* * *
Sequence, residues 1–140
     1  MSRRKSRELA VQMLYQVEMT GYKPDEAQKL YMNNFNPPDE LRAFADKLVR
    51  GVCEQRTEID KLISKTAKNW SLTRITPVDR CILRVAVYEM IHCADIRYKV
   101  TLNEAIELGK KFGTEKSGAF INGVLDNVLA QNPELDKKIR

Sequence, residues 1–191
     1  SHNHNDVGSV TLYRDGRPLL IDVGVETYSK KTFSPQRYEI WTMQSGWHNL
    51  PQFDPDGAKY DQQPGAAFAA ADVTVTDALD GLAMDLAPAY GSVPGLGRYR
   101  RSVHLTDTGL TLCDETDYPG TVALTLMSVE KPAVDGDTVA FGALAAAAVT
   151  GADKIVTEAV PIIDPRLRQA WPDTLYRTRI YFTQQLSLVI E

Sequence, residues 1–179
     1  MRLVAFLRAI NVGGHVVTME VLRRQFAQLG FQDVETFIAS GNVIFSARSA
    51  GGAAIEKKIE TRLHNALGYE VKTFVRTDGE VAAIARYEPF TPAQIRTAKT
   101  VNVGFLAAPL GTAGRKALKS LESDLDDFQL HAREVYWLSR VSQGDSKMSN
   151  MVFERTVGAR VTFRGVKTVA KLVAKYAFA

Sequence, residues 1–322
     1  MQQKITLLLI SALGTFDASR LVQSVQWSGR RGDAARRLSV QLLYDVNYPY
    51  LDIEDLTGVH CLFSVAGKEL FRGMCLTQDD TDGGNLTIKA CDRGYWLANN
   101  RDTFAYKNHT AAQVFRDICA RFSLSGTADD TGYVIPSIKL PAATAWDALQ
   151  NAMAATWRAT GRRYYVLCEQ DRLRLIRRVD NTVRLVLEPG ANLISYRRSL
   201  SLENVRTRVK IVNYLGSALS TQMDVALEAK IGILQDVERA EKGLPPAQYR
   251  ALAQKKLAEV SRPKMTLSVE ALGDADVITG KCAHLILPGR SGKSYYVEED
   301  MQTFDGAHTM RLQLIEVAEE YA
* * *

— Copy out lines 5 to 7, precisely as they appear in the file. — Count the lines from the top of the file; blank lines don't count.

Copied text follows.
Sequence, residues 1–191
     1  SHNHNDVGSV TLYRDGRPLL IDVGVETYSK KTFSPQRYEI WTMQSGWHNL
    51  PQFDPDGAKY DQQPGAAFAA ADVTVTDALD GLAMDLAPAY GSVPGLGRYR